[ii] There are defined time limits for bringing court actions and tribunal claims.

[iii]  Scale as at July 2013

This blogpost is for information purposes and should not be relied upon as legal advice because it does not consider or take into account your own personal circumstances. If in doubt, seek legal advice.

Litigants in Person: Guidelines for Lawyers

The Bar Council, CILEx and the Law Society have prepared  guidelines to  assist lawyers when dealing with litigants in person. diyLAW is convinced that reading these guidelines will also be extremely useful for LiPs to get a better understanding of the way the Law works.

Many litigants in person feel the system is against them. This document is a substantial effort to ensure the process works for all parties, most particualy for LiPs. If you are a litigant in person we encourage you to read these guidelines and try and follow the process laid out in your case


Please click on this link to access the document:

This blogpost is for information purposes and should not be relied upon as legal advice because it does not consider or take into account your own personal circumstances. If in doubt, seek legal advice.

Litigants right to fear high legal costs, says government research

by Dan Bindman

of Legal Futures


The fears of litigants about the high cost of legal representation were borne out by their experience, government-commissioned research has found.

The qualitative research, carried out by Ipsos Mori for the Ministry of Justice, accompanied the government’s response to its court fees consultation and aimed to discover whether they would have been deterred from starting proceedings if fees were set at higher levels.

It questioned 54 civil claimants and family applicants, including individuals and small businesses, and covered those who were privately paying, funded by conditional fee agreements (CFAs) and legal aid, and litigants-in-person. As the government no doubt hoped, the survey concluded that most claimants did not consider court fees a barrier to taking a case to court.

However, a section on self-funded represented parties supported the argument that fixed fees in litigation could help to mitigate consumers’ fears about spiralling cost. The researchers said litigants often began with the perception that representation was expensive, a view that was reinforced when initial quotes were supplied.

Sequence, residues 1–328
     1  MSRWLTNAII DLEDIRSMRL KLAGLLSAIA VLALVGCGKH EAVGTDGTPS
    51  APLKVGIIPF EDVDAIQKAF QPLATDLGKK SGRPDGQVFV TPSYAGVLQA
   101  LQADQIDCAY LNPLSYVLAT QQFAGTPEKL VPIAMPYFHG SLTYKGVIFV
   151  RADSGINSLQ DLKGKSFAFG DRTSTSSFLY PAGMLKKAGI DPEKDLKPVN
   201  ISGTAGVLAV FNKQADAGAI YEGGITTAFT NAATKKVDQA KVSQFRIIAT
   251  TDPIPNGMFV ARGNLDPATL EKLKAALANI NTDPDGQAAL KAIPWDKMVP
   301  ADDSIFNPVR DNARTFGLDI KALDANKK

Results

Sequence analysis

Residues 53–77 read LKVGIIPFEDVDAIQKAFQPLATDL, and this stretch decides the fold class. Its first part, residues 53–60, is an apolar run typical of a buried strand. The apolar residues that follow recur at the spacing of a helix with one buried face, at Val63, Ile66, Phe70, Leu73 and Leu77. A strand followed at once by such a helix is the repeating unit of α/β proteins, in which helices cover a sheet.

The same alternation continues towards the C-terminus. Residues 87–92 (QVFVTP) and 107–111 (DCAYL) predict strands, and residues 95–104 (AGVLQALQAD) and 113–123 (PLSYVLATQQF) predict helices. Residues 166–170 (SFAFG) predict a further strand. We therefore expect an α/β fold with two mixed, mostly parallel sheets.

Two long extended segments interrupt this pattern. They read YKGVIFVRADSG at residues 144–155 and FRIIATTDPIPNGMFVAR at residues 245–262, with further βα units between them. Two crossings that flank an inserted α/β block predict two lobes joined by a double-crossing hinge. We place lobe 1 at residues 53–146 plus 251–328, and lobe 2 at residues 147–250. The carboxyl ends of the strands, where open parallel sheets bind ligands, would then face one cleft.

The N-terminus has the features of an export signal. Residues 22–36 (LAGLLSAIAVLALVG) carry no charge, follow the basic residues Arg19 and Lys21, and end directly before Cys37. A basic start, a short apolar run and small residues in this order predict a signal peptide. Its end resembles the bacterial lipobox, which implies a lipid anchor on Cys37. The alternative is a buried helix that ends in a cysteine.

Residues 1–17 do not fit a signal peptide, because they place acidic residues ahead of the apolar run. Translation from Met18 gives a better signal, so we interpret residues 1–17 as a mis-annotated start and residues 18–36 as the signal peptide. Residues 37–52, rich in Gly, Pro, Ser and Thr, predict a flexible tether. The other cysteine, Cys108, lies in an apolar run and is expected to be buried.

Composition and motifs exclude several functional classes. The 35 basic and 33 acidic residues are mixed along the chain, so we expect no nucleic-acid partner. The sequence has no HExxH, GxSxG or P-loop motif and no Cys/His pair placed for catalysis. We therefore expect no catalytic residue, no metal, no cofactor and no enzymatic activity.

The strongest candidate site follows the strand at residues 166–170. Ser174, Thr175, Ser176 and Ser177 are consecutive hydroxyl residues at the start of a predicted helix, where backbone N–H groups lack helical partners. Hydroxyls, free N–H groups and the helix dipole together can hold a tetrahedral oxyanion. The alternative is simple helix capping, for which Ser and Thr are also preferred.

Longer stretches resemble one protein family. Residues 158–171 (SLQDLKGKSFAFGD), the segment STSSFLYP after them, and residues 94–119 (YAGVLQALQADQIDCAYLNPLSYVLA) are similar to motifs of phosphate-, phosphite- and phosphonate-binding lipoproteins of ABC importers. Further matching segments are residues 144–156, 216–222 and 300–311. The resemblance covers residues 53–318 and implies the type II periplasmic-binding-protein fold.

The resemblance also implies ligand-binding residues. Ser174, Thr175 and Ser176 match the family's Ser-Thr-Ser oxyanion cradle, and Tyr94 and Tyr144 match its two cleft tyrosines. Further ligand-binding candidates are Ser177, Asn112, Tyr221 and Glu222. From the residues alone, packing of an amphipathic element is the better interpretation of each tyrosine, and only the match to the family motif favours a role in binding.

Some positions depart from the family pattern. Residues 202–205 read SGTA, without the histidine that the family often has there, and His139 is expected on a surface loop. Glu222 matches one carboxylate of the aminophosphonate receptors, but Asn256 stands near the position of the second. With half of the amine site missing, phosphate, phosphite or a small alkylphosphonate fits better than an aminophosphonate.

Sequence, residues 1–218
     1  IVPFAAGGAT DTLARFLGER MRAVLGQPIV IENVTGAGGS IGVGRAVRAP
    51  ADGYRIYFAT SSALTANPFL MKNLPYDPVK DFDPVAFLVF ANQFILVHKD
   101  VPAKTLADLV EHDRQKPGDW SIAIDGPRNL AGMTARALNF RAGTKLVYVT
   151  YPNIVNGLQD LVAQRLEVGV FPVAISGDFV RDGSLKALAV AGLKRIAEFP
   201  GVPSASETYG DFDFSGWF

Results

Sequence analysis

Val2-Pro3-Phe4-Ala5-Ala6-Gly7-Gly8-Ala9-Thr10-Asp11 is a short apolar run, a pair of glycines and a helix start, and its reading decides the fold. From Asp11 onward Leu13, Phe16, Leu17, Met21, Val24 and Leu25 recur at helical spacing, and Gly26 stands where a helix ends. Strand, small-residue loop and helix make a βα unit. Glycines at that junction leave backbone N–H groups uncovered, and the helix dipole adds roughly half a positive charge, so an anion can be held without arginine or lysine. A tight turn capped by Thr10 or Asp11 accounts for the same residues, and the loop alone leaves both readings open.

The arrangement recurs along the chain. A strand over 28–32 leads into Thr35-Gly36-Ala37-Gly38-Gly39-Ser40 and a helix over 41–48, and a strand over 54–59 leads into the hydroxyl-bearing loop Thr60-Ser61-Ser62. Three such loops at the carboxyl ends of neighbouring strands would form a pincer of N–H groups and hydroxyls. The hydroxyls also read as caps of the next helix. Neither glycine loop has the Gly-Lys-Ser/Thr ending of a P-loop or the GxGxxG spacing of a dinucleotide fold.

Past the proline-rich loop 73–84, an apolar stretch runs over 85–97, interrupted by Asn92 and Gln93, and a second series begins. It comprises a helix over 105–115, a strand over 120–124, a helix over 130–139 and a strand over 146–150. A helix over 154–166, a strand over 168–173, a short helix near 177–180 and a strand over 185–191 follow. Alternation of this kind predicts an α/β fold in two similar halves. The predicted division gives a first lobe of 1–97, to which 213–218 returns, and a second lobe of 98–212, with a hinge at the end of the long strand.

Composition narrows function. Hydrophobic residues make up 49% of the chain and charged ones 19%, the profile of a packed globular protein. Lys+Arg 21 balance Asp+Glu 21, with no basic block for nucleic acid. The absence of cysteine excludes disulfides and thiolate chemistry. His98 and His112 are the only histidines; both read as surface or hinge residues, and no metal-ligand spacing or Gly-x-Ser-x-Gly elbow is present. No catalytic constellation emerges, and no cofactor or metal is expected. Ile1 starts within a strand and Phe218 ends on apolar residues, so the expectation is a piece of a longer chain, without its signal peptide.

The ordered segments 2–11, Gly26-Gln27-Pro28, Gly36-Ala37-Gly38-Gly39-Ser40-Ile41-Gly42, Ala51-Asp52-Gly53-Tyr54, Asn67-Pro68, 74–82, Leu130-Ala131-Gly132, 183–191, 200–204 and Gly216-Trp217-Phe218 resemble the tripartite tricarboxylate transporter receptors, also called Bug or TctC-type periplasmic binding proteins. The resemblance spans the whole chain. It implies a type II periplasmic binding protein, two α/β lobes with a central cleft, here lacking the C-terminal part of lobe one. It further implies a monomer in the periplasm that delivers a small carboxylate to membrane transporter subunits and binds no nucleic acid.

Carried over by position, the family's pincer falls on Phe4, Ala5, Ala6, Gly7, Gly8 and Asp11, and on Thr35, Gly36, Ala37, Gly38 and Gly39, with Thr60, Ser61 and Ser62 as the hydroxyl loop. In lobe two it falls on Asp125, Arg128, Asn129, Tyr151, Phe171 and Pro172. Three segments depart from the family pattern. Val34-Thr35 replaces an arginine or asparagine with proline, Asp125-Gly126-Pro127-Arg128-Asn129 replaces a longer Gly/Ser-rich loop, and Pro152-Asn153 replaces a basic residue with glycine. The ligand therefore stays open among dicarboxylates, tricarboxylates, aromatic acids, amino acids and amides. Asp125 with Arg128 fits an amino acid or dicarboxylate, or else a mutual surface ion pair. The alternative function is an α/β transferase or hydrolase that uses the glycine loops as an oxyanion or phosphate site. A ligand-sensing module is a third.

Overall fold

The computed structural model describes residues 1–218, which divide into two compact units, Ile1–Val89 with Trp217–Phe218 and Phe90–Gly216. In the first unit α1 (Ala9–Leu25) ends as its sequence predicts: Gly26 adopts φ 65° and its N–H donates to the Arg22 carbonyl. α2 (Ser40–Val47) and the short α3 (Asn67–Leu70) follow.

They also found, in both civil and family cases, that self-funded claimants and applicants “tended to find that the final costs were higher than expected”, confirming their initial misgivings about price. The survey explained this was because “they had typically believed that the case would be completed sooner and would involve fewer court appearances, and less involvement from a solicitor”.

The researchers conceded that this might not be the view of the majority of civil litigants given that many settle before a hearing.

Fear of up-front costs drove many litigants to seek representation under a CFA and they reported that they would not have been able to afford representation if they had not found a solicitor willing to act for them on that basis.

Unsurprisingly, the researchers concluded that their findings suggested that “legal costs could be a potential deterrent to bringing cases to court for those who do not have sufficient earnings or savings to pay such costs independently”.

Among litigants-in-person, many claimants seeking relatively small amounts of money were content to proceed without representation, but some who wanted representation and could not afford to pay for it, decided to self-represent rather than drop their case.

In the above context, “low awareness” of court fees was common and they were not considered crucial in decision making. The fees “were perceived to be a relatively small element of the total costs of going to court”.


Please refer to the original article here.

This blogpost is for information purposes and should not be relied upon as legal advice because it does not consider or take into account your own personal circumstances. If in doubt, seek legal advice.

LiPs help LiPs with #DIYLAW

On 8th of December 2017 diyLAW attended the Civil Justice Council's  National Forum on "Access to Justice for Litigants in Person."

Here is a summary of our previous leaflets we presented at the Forum:

The forum brought together 130 judges, lawyers, advice workers, academics, regulators, civil servants and others to discuss progress made on improving access to justice for litigants in person (LiPs). Please find the forum`s summary here published by the Civil Justice Council

This blogpost is for information purposes and should not be relied upon as legal advice because it does not consider or take into account your own personal circumstances. If in doubt, seek legal advice.

Landlord and Tenant – What does the bedroom tax mean to you?

Since 1 April 2013, new housing benefit rules mean you won’t be able to get housing benefit to pay for all of your rent if your home has ‘spare bedrooms’. This media has called this the ‘bedroom tax’.

If you’re a council or housing association tenant and are receiving housing benefit and renting a home that has more bedrooms than you need, it’s likely that your housing benefit will be reduced. The new limit on the number of rooms you can claim housing benefit for is based on the number of people living in your home.